|2014 – current||PhD candidate at the Complex Trait Genetics Lab, CNCR, VU University Medical Centre|
|2012 – 2014||Statistics teacher at the University of Amsterdam, Department of Psychology & the Institute for Interdisciplinary Studies|
|2010 – 2012||Master Psychological Methods at the University of Amsterdam [Cum laude]|
|2006 – 2010||Bachelor Psychology at the University of Amsterdam|
PhD project: Modeling the dynamics of behaviour
Genome Wide Association Studies (GWAS) have boosted the gene-finding enterprise, and made important contributions to medicine and pharmaceutics. However, overall the yield has been lower than expected. Only a limited number of genetic variants have been discovered for heritable complex traits (e.g., intelligence, MDD, ADHD, autism, schizophrenia) and even these genetic variants usually account for very little phenotypic variance.
A reason for the relatively low yield of GWAS may lie in the way behaviour is conceptualized. Often phenotypic data (e.g. items on a personality test, symptoms from the DSM-IV) are reduced to a univariate composite score, such as a sumscore. Although this makes analyses computationally feasible, information about the complexity of the behaviour may be lost in the process. In addition, behaviour is often regarded as stable, overlooking the fact that many behaviours change over time within individuals (e.g. developmental processes, switches between psychiatric states).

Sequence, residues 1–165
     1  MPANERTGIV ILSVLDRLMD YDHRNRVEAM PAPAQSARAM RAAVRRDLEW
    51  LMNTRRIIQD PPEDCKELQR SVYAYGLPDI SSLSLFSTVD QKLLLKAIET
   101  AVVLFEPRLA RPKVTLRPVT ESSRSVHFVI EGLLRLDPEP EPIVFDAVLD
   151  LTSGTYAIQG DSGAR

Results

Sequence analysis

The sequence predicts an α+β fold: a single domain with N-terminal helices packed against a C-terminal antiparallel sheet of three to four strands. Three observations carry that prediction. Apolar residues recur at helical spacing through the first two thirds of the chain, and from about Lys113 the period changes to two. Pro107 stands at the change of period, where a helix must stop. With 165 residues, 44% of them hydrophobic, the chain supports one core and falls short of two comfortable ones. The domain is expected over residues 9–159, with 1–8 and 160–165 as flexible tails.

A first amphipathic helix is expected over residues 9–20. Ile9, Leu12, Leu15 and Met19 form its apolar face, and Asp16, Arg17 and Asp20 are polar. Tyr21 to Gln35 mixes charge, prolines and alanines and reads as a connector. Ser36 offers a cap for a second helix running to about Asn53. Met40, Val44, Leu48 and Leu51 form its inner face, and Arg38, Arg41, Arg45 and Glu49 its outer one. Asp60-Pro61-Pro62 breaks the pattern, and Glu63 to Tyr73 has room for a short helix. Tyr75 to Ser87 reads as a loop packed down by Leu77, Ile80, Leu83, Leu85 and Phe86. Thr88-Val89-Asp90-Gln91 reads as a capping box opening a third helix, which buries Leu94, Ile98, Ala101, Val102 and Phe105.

In this project we want to acknowledge the complexity, and specifically the dynamics of behaviour. We aim to create a more realistic conceptualization of the phenotype, and to translate this into new, testable models (or extend existing models). Eventually these new models may increase the likelihood of finding causal GV’s.
+31 20 59 82959